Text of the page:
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Mol Phylogenet Evol. 2016 May;98:300-13. doi: 10.1016/j.ympev.2016.01.021. Epub 2016 Feb 11.

Peeking through the trapdoor: Historical biogeography of the Aegean endemic spider Cyrtocarenum Ausserer, 1871 with an estimation of mtDNA substitution rates for Mygalomorphae.

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Department of Molecular Biology and Genetics, Democritus University of Thrace, GR-68131 Alexandroupolis, Greece. Electronic address:
Department of Molecular Biology and Genetics, Democritus University of Thrace, GR-68131 Alexandroupolis, Greece.
The Exelixis Lab, Scientific Computing Group, Heidelberg Institute for Theoretical Studies, D-68159 Heidelberg, Germany.
Department of Ecology and Taxonomy, Faculty of Biology, National and Kapodistrian University of Athens, GR-15784 Athens, Greece.


The Aegean region, located in the Eastern Mediterranean, is an area of rich biodiversity and endemism. Its position, geographical configuration and complex geological history have shaped the diversification history of many animal taxa. Mygalomorph spiders have drawn the attention of researchers, as excellent model systems for phylogeographical investigations. However, phylogeographic studies of spiders in the Aegean region are scarce. In this study, we focused on the phylogeography of the endemic ctenizid trap-door spider Cyrtocarenum Ausserer, 1871. The genus includes two morphologically described species: C. grajum (C.L. Koch, 1836) and C. cunicularium (Olivier, 1811). We sampled 60 specimens from the distributions of both species and analyzed four mitochondrial and two nuclear markers. Cyrtocarenum served as an example to demonstrate the importance of natural history traits in the inference of phylogeographic scenarios. The mtDNA substitution rates inferred for the genus are profoundly higher compared to araneomorph spiders and other arthropods, which seems tightly associated with their biology. We evaluate published mtDNA substitution rates followed in the literature for mygalomorph spiders and discuss potential pitfalls. Following gene tree (maximum likelihood, Bayesian inference) and species tree approaches ((*)BEAST), we reconstructed a time-calibrated phylogeny of the genus. These results, combined with a biogeographical ancestral-area analysis, helped build a biogeographic scenario that describes how the major palaeogeographic and palaeoclimatic events of the Aegean may have affected the distribution of Cyrtocarenum lineages. The diversification of the genus seems to have begun in the Middle Miocene in the present west Aegean area, while major phylogenetic events occurred at the Miocene-Pliocene boundary for C. cunicularium, probably related to the Messinian Salinity Crisis. Our results also demonstrate the clear molecular distinction of the two morphologically described species, but possible cryptic lineages may exist within C. cunicularium.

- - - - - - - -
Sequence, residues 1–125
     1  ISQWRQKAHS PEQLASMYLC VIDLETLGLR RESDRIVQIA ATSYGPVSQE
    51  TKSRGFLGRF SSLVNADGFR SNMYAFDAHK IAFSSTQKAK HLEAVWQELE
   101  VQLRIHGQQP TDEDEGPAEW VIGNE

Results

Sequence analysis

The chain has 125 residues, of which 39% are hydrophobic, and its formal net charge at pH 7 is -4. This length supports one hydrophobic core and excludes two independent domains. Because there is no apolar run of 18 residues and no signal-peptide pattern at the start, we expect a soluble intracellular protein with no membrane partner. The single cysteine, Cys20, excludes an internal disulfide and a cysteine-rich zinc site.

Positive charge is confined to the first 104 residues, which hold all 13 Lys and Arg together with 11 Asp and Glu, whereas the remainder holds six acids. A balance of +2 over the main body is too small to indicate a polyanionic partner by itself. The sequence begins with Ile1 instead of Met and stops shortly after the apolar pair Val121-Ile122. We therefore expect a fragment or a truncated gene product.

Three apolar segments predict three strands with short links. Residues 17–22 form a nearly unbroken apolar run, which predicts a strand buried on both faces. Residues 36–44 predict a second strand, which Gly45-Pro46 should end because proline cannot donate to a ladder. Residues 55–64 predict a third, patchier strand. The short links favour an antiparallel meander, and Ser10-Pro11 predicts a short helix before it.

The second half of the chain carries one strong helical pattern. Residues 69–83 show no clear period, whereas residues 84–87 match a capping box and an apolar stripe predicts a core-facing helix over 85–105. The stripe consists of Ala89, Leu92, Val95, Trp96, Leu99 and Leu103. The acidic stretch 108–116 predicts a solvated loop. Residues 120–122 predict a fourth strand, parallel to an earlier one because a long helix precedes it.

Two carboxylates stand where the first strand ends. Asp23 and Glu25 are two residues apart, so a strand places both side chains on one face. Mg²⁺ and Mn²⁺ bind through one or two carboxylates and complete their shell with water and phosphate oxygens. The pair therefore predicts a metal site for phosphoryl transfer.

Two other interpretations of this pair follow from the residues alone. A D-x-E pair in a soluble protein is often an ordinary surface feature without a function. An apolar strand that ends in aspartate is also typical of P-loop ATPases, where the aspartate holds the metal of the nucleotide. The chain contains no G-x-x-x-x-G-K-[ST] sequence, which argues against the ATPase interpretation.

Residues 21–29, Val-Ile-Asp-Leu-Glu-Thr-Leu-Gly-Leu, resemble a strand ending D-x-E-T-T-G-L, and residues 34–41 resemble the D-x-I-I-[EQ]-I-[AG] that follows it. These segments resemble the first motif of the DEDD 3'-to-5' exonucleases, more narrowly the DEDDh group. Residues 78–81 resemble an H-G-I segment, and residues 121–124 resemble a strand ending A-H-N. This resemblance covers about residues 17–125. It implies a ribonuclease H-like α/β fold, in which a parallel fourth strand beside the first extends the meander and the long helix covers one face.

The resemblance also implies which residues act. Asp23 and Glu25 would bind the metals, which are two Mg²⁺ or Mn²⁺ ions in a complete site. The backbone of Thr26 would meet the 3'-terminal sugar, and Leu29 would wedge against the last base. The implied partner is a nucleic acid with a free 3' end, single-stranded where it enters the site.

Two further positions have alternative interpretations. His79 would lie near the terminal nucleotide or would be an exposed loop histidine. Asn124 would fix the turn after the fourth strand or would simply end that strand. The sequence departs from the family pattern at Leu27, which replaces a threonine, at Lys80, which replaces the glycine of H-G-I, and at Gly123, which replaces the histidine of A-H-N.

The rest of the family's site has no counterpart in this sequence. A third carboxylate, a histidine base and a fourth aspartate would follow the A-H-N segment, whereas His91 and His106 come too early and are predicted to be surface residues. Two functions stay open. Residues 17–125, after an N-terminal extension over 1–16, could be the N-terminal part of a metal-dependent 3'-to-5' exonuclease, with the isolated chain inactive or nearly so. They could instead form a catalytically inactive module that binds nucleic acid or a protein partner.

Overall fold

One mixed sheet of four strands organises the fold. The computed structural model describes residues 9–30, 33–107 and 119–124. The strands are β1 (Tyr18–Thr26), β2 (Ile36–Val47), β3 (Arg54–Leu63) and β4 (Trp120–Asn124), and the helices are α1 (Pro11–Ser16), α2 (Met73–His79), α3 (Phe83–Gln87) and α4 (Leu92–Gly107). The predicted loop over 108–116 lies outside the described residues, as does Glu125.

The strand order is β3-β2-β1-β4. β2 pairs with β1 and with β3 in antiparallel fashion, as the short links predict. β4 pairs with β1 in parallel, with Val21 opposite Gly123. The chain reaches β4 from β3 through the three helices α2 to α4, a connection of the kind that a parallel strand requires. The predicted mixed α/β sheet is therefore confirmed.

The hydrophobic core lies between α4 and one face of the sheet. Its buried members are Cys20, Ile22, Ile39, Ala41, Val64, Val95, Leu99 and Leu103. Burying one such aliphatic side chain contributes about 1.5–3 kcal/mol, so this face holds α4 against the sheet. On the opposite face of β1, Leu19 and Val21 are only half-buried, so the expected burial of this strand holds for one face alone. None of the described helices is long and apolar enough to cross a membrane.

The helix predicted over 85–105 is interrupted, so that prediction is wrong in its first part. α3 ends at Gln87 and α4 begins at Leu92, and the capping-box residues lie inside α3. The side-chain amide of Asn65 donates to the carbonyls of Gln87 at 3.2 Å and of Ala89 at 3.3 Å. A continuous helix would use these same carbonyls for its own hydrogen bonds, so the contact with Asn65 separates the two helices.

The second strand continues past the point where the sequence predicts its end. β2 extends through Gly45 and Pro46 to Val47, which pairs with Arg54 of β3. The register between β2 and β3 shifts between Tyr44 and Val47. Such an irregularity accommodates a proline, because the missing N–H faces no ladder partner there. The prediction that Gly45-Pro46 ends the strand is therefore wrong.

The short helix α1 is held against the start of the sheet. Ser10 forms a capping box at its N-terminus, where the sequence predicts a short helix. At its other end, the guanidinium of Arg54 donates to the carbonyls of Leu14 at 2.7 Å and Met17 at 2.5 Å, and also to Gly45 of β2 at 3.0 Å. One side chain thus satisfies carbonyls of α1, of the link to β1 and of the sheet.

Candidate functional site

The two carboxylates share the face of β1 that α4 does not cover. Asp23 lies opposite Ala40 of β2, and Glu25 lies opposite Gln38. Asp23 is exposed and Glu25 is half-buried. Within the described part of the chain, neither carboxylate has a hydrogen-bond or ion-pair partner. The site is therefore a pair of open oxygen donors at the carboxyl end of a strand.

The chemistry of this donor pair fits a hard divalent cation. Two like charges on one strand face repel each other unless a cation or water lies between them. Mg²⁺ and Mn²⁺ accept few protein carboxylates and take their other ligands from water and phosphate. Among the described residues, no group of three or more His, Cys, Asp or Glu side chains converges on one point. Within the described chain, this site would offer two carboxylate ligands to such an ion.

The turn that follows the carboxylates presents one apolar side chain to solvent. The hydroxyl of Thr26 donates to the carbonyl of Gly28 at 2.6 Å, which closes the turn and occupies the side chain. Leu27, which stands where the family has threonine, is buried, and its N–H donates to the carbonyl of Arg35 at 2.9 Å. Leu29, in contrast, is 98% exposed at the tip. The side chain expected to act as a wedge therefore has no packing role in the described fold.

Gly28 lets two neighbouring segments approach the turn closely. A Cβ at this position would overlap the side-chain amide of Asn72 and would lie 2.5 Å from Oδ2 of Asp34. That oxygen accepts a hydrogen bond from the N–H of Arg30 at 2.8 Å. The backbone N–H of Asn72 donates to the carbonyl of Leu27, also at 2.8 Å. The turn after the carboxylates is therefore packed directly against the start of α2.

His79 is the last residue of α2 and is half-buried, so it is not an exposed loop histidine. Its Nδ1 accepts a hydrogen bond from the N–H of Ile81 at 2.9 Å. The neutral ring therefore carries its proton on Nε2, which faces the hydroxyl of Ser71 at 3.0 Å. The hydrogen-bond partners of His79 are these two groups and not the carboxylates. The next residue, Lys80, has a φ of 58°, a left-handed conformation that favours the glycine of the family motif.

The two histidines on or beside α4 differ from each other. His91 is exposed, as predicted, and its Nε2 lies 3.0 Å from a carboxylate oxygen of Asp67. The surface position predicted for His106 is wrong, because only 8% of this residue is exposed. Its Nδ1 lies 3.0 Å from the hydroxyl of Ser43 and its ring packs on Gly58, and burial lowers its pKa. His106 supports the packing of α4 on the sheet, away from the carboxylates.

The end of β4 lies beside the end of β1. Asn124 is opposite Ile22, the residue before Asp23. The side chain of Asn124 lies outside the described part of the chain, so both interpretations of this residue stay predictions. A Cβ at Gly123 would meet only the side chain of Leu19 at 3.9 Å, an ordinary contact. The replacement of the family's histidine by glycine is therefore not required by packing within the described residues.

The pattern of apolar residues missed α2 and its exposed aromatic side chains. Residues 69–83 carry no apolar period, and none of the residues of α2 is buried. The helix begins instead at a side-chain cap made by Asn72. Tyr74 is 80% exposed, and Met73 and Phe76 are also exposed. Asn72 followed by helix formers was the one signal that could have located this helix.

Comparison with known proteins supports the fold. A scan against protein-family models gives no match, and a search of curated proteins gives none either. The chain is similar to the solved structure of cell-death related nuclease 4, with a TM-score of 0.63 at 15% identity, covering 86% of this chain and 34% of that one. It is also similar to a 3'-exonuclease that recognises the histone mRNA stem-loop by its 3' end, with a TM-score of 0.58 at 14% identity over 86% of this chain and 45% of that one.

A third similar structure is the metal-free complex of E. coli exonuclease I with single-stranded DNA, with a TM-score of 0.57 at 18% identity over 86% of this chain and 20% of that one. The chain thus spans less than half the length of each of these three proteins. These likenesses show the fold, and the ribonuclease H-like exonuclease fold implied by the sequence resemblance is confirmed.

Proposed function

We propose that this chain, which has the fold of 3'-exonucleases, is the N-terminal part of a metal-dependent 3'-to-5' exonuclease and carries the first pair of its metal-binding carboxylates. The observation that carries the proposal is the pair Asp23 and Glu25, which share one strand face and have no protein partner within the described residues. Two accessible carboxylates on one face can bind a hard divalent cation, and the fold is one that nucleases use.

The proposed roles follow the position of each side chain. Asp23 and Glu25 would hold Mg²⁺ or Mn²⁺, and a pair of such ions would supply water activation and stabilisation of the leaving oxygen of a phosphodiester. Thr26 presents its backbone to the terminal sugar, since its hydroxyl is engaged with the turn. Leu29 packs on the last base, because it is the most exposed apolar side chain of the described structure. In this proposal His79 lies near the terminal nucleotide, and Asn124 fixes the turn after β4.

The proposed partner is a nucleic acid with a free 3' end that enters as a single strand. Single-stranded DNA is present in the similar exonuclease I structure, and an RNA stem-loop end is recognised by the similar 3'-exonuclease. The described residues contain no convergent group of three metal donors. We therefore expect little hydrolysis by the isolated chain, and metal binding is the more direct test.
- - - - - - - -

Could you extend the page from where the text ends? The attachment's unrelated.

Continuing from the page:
Araneae; Ctenizidae; Greece; Introgression; Molecular clock; Turkey

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